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01-25-2010, 04:03 PM #1
OT: Can a Ceramic Knife Be Sharpened?
Just a quick question, can a Ceramic knife be sharpened? If so, How?
I picked one up for Cooking, the blade is sharp sort of. It seems to be a thick blade with a rather blunt bevel to the edge.
01-25-2010, 04:11 PM #2
I don't see why it can't be sharpened on a diamond stone. I've examined so called sharp ceramic knives where there was a flat spot for an edge near the tip,no sharper than a butter knife.
01-25-2010, 04:14 PM #3
Yep std diamond wet stone, hand or powered but try not to let it get hot, if it does just let it air cool, dont quench. I read some were theres a optimum grit for kitchen knives, needs some tooth to cut fiburous things, too smooth - sharp isnt as effective.
01-25-2010, 04:46 PM #4
I carry a small Boker ceramic. Boker will sharpen mine for a small fee. Mostly shipping to Colorado and back I seem to recall.
Boker does not want the owner to attempt to sharpen these knives. I would not buy another as the edge is very brittle. I got several nicks in it dressing a young turkey.
I have carried it maybe 4 or 5 years and a good sharping would really be in order. Do not carry it in the same pocket as change either. One of these days I will retire it and carry a good steel blade again.
Hope the kitchen knives are better. I would stay away from bones with one.
01-25-2010, 04:54 PM #5
01-26-2010, 06:37 AM #6
01-26-2010, 08:12 AM #7
I'm sure your average guy would not have the means to sharpen them. Most of us machinists would. I can't see why a diamond bench stone wouldn't work. If too much time is involved,I'd use a carbide grinder with diamond wheels.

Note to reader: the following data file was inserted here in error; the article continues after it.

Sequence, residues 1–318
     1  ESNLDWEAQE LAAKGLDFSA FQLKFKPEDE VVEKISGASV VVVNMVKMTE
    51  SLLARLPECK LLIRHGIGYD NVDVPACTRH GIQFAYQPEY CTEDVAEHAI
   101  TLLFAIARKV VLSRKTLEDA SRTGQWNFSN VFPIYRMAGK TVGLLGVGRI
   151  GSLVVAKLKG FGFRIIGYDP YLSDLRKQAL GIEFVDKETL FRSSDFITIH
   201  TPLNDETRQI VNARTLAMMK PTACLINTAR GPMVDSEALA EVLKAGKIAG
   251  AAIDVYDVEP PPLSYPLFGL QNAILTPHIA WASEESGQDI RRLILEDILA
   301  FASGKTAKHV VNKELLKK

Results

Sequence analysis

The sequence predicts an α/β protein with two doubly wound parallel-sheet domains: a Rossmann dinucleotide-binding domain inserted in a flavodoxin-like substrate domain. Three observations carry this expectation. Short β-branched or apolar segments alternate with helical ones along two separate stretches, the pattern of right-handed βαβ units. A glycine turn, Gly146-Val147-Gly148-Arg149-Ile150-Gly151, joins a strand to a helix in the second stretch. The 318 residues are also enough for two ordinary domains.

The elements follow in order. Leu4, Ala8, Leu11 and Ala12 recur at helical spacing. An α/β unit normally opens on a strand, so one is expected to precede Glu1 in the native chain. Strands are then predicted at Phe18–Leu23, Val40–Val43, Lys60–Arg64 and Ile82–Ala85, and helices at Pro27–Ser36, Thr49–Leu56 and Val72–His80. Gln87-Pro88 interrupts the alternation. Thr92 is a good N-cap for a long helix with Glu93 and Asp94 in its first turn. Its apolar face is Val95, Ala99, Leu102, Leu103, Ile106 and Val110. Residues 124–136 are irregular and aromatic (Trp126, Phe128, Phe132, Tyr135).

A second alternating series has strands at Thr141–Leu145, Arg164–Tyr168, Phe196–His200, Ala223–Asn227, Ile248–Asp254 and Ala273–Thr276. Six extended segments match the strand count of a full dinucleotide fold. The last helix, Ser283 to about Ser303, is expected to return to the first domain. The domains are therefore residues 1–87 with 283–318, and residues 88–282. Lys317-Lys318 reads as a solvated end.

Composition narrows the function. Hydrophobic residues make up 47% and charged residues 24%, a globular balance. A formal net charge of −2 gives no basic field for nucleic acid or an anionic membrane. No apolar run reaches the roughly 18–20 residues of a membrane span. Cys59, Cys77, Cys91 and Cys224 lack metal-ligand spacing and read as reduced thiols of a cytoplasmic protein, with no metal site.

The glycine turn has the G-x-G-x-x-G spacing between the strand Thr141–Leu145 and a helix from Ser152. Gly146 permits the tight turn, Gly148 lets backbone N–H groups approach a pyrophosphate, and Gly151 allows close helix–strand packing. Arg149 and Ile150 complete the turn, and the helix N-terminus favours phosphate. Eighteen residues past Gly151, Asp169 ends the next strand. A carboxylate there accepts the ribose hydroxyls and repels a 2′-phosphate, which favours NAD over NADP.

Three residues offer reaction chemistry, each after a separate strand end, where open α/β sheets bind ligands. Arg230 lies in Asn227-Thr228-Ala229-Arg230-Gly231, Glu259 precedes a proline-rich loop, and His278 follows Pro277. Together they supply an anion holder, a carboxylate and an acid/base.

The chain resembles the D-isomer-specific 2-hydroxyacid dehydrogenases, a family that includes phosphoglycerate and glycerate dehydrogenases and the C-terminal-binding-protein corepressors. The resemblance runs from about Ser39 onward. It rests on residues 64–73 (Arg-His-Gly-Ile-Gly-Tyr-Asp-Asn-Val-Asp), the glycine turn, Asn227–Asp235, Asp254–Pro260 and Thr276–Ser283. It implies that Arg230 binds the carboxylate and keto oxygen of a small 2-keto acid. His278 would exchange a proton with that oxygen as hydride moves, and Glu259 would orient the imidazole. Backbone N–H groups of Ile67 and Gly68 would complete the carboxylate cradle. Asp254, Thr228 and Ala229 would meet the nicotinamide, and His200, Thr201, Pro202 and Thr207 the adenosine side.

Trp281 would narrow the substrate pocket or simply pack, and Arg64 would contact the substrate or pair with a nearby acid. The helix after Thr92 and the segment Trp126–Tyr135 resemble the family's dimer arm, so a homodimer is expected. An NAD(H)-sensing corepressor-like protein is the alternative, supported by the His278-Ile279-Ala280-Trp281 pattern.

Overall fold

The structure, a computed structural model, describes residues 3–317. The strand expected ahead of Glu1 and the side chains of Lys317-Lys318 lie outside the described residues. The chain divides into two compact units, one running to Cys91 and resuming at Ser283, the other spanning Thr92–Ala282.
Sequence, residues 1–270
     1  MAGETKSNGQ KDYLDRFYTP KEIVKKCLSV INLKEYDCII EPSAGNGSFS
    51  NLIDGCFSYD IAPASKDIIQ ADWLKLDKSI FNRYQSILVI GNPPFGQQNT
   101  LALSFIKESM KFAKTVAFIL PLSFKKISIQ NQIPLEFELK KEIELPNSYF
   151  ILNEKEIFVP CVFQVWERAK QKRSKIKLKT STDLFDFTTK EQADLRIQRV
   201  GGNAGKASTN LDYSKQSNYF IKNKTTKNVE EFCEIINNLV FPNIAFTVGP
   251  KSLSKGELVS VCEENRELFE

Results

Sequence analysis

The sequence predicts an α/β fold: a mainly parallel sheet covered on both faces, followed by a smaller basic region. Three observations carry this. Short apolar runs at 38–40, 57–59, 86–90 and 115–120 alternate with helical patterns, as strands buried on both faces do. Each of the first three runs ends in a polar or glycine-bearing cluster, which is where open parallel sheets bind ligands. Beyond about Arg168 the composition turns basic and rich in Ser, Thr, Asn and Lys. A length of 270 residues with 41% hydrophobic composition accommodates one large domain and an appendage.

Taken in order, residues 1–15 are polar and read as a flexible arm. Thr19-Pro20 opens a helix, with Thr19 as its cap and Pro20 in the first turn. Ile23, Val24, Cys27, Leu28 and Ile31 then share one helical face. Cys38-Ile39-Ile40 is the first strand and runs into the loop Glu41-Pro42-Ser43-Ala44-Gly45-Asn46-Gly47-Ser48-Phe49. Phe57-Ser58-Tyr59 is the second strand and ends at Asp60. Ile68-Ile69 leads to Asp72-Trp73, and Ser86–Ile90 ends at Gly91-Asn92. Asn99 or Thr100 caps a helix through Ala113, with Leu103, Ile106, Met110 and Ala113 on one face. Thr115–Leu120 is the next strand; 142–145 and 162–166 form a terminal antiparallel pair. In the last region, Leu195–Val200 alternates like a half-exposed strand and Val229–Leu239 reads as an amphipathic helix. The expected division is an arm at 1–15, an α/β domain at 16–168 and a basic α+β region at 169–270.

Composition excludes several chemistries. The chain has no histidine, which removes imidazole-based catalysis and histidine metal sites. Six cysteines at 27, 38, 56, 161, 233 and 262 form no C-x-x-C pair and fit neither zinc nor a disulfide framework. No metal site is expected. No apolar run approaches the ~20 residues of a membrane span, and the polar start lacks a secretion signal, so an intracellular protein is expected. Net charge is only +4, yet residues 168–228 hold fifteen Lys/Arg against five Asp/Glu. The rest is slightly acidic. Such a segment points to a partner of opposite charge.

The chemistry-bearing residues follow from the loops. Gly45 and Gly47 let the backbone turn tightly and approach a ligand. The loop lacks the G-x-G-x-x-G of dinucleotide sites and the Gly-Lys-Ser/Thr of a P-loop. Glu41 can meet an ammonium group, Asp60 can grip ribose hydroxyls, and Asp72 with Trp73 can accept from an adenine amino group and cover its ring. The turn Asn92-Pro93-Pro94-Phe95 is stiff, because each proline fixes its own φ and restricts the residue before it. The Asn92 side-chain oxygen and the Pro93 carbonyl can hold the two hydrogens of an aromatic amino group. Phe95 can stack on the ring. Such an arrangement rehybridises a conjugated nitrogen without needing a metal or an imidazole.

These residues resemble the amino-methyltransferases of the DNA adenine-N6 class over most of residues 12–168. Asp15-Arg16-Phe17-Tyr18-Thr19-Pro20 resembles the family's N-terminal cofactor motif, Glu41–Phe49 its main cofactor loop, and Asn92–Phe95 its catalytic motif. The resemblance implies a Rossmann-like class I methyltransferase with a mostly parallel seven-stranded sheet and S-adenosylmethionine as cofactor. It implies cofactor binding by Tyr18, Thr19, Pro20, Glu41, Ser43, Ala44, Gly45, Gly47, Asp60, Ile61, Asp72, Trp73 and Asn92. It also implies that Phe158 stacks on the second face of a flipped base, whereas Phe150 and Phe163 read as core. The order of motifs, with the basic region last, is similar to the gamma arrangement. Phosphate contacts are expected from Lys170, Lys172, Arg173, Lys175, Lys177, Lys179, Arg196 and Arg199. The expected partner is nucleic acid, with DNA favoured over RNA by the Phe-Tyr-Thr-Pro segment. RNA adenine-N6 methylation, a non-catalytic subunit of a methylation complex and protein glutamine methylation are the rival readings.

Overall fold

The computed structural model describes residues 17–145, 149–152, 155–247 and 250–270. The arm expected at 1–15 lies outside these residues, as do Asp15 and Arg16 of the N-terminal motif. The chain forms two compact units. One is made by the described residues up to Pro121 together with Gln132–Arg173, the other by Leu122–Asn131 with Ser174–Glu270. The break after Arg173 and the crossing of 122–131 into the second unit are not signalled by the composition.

01-26-2010, 08:40 AM #8
The ceramics used in these knives are typically much slicker than metal. They cut easily with a blunter edge because there is less drag through the material being cut.
You need an aggressive diamond shape so that it can grab the material during sharpening.
You want to leave a blunter edge as the material is often susceptible to spalling or flaking as referenced above.
The knife material has very low thermal conductivity. If you get the outside hot it will grow. Because the thermal conductivity is so poor the outside (hot) layer will grow faster than the heat can spread through the material to compensate. The can cause crazing and / or flaking on the surface.
01-26-2010, 01:10 PM #9
Thanks for posting this, I've had the same question in mind for a while.
IMHO, I'd get some $12 Horrible Freight diamond sharpeners, I'd hate to hurt my nice DMT bench stones.
I did a google search for "sharpen ceramic knives", and there is mention of using a stacked paper buffing wheel to put a final hone on the edge with silicon carbide abrasive. Kind of like stropping a steel knife, I assume.
01-26-2010, 03:17 PM #10
Diamonds are diamonds even from horrible! Personaly most of the advice i have seen suggests ceramics for cutting softer things, fish, veg and fruit. Not as a carving knive or cleaver!